Factors used for calculating individual target glucose level include life expectancy, age, microvascular complications, the duration of diabetes and unawareness of hypoglycemia, the American Diabetes Association explains. Comorbid conditions and individual factors relevant for a particular patient also play a role.
Patients should discuss the necessity of regularly monitoring blood glucose with their doctor, states the American Diabetes Association. Patients who are likely to find monitoring their blood glucose helpful include pregnant patients, those with low blood glucose levels (especially if no warning signs appear), those with difficulty regulating their blood glucose levels, those taking insulin and those that form ketones due to high levels of blood glucose.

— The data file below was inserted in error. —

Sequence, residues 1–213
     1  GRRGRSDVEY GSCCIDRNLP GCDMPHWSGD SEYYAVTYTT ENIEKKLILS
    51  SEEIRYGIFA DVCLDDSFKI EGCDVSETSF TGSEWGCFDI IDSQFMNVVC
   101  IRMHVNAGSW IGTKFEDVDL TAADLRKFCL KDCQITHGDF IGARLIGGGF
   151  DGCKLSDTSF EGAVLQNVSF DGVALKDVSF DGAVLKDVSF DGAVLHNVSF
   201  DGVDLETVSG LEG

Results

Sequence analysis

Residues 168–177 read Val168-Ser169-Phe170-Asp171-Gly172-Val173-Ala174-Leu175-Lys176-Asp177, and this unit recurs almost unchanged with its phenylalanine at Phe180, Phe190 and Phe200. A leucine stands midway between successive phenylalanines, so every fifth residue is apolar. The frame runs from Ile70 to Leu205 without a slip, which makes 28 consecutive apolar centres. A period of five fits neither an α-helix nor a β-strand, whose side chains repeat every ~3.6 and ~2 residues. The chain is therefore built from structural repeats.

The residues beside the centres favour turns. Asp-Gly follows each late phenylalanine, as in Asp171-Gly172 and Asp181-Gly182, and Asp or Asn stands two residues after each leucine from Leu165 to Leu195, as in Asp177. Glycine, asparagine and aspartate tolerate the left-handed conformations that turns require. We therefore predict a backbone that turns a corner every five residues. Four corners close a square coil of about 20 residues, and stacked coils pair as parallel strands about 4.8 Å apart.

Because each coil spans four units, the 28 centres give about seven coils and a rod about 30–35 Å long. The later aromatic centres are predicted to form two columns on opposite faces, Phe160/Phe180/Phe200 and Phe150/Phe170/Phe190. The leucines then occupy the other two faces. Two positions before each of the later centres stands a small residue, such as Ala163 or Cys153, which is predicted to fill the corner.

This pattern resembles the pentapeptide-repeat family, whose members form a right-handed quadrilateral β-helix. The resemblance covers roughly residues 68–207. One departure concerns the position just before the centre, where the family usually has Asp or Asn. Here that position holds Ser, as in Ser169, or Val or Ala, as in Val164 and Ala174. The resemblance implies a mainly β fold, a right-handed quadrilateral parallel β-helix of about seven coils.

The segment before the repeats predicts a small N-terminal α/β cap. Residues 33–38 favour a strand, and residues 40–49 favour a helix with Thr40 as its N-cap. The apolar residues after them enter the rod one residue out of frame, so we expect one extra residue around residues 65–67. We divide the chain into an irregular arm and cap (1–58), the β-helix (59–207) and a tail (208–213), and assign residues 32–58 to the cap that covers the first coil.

Plasma glucose levels between 70 and 130 milligrams per deciliter before a meal, under 180 milligrams within one or two hours after starting a meal, and 7 percent A1C are recommended for the majority of adults (barring pregnant females), according to the American Diabetes Association.
After checking their blood glucose levels, patients should compare their results across several days and see how diet and lifestyle factors influence levels, the American Diabetes Association states. Physical activity levels, eating patterns and the amount of stress may all contribute to higher or lower glucose levels. If any consistent patterns emerge, such as particularly high or low levels at a given time of day across several days, changing treatment may be necessary.